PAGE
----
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Clarendon National Insurance Co. v. Philadelphia Indemnity Insurance Co.

United States District Court, D. Massachusetts

January 24, 2019

CLARENDON NATIONAL INSURANCE COMPANY, Plaintiff,
v.
PHILADELPHIA INDEMNITY INSURANCE COMPANY, Defendant.

          ORDER ON MOTION FOR RECONSIDERATION (DOC. NO. 33)

          LEO T. SOROKIN, UNITED STATES DISTRICT JUDGE.

         On January 8, 2019, the Court entered summary judgment in favor of defendant Philadelphia Indemnity Insurance Company (“Philadelphia”) and closed the case. Docs. No. 31, 32. Plaintiff Clarendon National Insurance Company (“Clarendon”) now asks the Court to reconsider its decision. Doc. No. 33. For the reasons explained briefly below, and for the reasons stated in the Court's earlier Order, Clarendon's motion for reconsideration is DENIED.

         Clarendon argues in its motion that the Court incorrectly put the burden on Clarendon to demonstrate that the underlying loss did not fall within an exclusion in Philadelphia's policy. Doc. No. 33 at 3. Rather, Clarendon argues, Philadelphia bore the burden of demonstrating that the underlying loss did fall within that exclusion. Id. Clarendon makes a similar argument about the Court's determination that Philadelphia did not have a duty to defend. It argues that, while an insurance carrier need not investigate a claim that clearly falls outside of its policy's coverage, the carrier must investigate a claim that falls within the policy's basic terms but is then covered by an exclusion, because the carrier bears the burden of showing the application of that exclusion. Id. As a result, in this case, Philadelphia would have had a duty to defend. Id. at 4.

         These arguments mischaracterize the basis for the Court's decision. As the Court's earlier Order explained, in an insurance dispute such as this one, “[t]he insured has the initial burden of proving that a loss falls within the policy's description of covered risks, ” after which it becomes “the insurer's burden to show the applicability of a particular exclusion.” New Fed Mortg. Corp. v. Nat'l Union Fire Ins. Co. of Pittsburgh, Pa., 543 F.3d 7, 11 (1st Cir. 2008). The Court found that the underlying loss in this matter was not covered by Philadelphia's policy because it did not occur within the policy period. Doc. No. 31 at 6. An insurance policy's limitation of coverage to a defined time period is not a policy exclusion such that the burden of demonstrating its applicability is on the insurer. Rather, a policy period is a fundamental term of virtually any insurance policy. The insured therefore bears the burden of demonstrating that a covered loss occurred within the policy period.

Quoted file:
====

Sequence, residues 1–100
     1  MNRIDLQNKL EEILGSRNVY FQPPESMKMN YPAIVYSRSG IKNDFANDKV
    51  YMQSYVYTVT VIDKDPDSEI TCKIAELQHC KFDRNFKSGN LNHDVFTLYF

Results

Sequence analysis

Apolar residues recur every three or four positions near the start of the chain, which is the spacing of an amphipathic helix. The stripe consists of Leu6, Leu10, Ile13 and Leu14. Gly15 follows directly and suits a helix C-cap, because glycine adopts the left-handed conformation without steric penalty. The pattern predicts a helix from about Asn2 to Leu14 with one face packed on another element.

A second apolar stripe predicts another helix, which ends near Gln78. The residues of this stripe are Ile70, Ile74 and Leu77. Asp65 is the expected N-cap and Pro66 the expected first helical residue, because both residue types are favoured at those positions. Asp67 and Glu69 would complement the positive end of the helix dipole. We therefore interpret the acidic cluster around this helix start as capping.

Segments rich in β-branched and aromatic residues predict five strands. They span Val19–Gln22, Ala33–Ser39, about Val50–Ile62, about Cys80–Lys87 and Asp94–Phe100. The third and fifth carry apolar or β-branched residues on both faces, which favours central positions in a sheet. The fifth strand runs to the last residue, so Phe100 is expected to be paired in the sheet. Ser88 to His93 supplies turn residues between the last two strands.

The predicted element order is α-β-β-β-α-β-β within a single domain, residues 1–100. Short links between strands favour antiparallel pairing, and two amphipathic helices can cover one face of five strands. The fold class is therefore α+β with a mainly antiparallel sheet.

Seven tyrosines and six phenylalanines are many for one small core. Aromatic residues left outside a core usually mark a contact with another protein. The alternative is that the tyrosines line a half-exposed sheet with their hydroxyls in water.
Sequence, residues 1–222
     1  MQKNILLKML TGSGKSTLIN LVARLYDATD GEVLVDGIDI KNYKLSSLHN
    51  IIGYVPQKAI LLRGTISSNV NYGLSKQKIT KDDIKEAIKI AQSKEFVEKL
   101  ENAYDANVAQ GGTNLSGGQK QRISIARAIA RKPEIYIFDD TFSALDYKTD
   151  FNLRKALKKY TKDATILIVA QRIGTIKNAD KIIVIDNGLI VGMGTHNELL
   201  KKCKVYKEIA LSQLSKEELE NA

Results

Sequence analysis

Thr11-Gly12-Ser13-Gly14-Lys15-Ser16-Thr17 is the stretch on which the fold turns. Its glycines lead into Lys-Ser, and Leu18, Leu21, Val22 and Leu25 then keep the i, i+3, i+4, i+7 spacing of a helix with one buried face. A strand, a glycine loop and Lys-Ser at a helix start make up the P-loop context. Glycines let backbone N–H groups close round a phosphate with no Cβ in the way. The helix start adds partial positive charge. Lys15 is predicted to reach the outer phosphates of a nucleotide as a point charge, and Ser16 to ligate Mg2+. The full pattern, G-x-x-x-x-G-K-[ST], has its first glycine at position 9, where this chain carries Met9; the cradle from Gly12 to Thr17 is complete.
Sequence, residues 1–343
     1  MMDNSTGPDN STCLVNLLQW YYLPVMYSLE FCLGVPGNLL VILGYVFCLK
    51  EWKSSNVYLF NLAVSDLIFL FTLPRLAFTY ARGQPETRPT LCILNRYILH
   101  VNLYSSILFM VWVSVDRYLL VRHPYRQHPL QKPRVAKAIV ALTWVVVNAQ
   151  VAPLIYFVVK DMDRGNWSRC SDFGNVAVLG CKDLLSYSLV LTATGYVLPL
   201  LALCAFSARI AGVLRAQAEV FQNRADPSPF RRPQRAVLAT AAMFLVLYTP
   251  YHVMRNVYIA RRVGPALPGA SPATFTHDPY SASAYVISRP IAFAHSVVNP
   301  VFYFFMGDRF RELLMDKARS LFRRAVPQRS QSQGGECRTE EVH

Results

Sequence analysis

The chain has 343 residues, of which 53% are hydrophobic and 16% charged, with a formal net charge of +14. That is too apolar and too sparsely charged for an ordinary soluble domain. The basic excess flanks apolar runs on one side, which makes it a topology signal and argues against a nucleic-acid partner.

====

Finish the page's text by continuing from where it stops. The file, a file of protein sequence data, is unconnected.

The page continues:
The insurance policy in this case stated clearly that coverage would apply “only if . . . [t]he ‘bodily injury' or ‘property damage' occurs during the policy period; and . . . [p]rior to the policy period, no insured . . . knew that the ‘bodily injury' or ‘property damage' had occurred, in whole or in part.” Doc. No. 19-1 at 60.[1] This language appears in the very first section of the policy's description of its coverage for bodily injury and property damage, entitled “Insuring Agreement.” Id. Clarendon has not advanced, either in its opposition to the motion for summary judgment or in its motion for reconsideration, any basis on which the Court should find that these terms constitute an exclusion, rather than simply “the policy's description of covered risks.” New Fed Mortg. Corp., 543 F.3d at 11.

         At summary judgment, “[i]nitially, the onus falls upon the moving party to aver an absence of evidence to support the nonmoving party's case.” LeBlanc v. Great Am. Ins. Co., 6 F.3d 836, 841 (1st Cir. 1993) (internal quotations and citations omitted). Because nothing in the complaint in the matter underlying this one was “reasonably susceptible of an interpretation that states or roughly sketches a claim covered by the . . . terms” of Philadelphia's policy, Billings v. Commerce Ins. Co., 936 N.E.2d 408, 414 (Mass. 2010), Philadelphia had neither a duty to defend nor to a duty to indemnify its insured in connection with the complaint. It therefore met its initial burden at summary judgment. “Once the moving party satisfies [its initial] requirement, the pendulum swings back to the nonmoving party, who must oppose the motion by presenting facts that show that there is a genuine issue for trial.” LeBlanc, 6 F.3d at 841. Because Clarendon did not advance disputed facts sufficient to show a genuine issue for trial on the issue of Philadelphia's duties to defend and indemnify, Philadelphia was entitled to summary judgment.

         For the foregoing reasons, and for the reasons stated in the Court's earlier Order, Doc. No. 31, Clarendon's motion for reconsideration, Doc. No. 33, is DENIED.

         SO ORDERED.

---------

Notes:

[1] Attached to Clarendon's motion for reconsideration are two pages that appear to be a portion of an insurance policy. Doc. No. 33-1 at 2-3. The parties in this matter have previously agreed that the insurance policy at issue appears at Doc. No. 19-1. See Doc. No. 18 ¶ 1 (Philadelphia's statement of material facts, claiming that the policy appears at Doc. No. 19-1); Doc. No. 23 ¶ 1 (Clarendon's response to Philadelphia's statement of material facts, admitting that the policy appears at Doc. No. 19-1). The two pages submitted with the motion for reconsideration do not appear anywhere in the policy at Doc. No. 19-1, though the policy does include similar, but fundamentally different, pages. Compare, e.g., Doc. No. 19-1 at 60, with Doc. No. 33-1 at 2. The motion for reconsideration does not advance evidence that establishes that the pages attached thereto are from the relevant policy, ...


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